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Proceedings Paper

Laser ablation cell sorting in scanning cytometry
Author(s): Feimo Shen; Jeffrey H. Price
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Paper Abstract

Flow cytometry has been an important tool for automated cells sorting. However, the lack of good sensitivity prevents it from being used for rare events sorting; furthermore, fragile cells, anchorage-dependent cells, and clump forming cells cannot be sorted this way. A fully automated, high-speed scanning cytometer with autofocus and image segmentation is capable of accurately locating contaminant cells in a monolayer cell population. A laser ablation system was incorporated into the cytometer to negatively sort out the unwanted cells by applying a focused, ultra-short laser pulse (sub-micron diameter, pulse duration = 4 nsec, wavelength - 500 nm) to each targeted cell. Due to the high power density (approximately 1010 W/cm2) that was present at the focal point, disruptive mechanical forces were generated and were responsible for the kill. Fluorescently stained NIH-3T3 fibroblast cells were used as a model contaminant target ells in an unstained NIH-3T3 population to determine the identification-kill effectiveness. The contaminant cells were stained with the fluorochrome CellTracker Blue CMAC, whereas the background cells were left intact. Ablation pulses were applied in frame-by-frame increment batches to the cell culture on the microscope. The negative sorting effectiveness was analyzed by automatically re-scanning the post-ablation cell culture in phase contrast and propidium iodide stained epi fluorescent fields to verify cell death.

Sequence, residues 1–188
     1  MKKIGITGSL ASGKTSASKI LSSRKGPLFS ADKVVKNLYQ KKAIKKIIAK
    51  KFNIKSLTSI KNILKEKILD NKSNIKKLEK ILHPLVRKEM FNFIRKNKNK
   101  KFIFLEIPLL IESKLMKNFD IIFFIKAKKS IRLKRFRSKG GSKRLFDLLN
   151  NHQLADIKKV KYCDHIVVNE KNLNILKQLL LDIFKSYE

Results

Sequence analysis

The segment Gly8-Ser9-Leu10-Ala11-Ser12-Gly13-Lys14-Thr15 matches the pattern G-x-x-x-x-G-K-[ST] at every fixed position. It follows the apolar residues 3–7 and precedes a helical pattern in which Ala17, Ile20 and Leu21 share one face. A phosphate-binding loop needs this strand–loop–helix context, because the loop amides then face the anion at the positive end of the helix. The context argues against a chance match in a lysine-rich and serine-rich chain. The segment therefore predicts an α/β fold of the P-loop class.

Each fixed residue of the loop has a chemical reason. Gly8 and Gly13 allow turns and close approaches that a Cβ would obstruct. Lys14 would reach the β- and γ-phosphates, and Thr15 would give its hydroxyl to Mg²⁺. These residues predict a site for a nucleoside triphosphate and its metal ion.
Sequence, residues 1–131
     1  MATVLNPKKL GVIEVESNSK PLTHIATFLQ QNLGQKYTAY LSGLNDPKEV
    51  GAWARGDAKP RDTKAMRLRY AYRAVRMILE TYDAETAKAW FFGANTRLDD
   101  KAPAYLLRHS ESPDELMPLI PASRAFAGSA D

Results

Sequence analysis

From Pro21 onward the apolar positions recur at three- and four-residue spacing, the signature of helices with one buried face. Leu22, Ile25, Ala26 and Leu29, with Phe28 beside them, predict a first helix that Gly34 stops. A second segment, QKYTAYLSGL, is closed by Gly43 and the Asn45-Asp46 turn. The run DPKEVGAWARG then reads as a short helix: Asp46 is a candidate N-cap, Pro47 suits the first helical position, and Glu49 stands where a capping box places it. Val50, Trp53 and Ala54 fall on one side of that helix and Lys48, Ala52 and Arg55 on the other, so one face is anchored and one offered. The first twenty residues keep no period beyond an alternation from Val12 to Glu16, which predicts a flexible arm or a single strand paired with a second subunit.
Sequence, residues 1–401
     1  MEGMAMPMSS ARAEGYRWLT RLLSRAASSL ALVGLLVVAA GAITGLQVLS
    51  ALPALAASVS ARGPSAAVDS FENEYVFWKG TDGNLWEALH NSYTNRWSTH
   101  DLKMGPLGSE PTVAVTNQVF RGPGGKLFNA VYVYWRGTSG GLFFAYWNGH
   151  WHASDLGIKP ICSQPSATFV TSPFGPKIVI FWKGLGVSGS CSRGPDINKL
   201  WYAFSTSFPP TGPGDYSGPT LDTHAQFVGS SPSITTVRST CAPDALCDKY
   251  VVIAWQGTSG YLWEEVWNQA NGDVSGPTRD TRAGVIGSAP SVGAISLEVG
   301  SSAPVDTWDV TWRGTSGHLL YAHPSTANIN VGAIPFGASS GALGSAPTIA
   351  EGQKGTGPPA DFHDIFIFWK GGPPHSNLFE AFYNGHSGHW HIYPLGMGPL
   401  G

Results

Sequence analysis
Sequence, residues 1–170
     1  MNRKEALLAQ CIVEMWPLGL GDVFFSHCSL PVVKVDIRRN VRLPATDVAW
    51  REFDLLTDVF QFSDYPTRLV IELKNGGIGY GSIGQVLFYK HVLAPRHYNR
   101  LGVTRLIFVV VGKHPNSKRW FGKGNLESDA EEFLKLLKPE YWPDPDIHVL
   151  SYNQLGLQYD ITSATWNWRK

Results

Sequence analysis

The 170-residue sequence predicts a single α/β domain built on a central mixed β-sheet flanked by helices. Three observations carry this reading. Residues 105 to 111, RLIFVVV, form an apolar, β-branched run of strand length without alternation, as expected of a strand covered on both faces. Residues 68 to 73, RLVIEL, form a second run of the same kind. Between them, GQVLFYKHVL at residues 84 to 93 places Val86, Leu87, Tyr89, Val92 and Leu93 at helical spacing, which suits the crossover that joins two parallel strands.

Paper Details

Date Published: 10 May 2001
PDF: 11 pages
Proc. SPIE 4260, Optical Diagnostics of Living Cells IV, (10 May 2001); doi: 10.1117/12.426777
Show Author Affiliations
Feimo Shen, Univ. of California/San Diego (United States)
Jeffrey H. Price, Univ. of California/San Diego (United States)


Published in SPIE Proceedings Vol. 4260:
Optical Diagnostics of Living Cells IV
Daniel L. Farkas; Robert C. Leif; Robert C. Leif, Editor(s)

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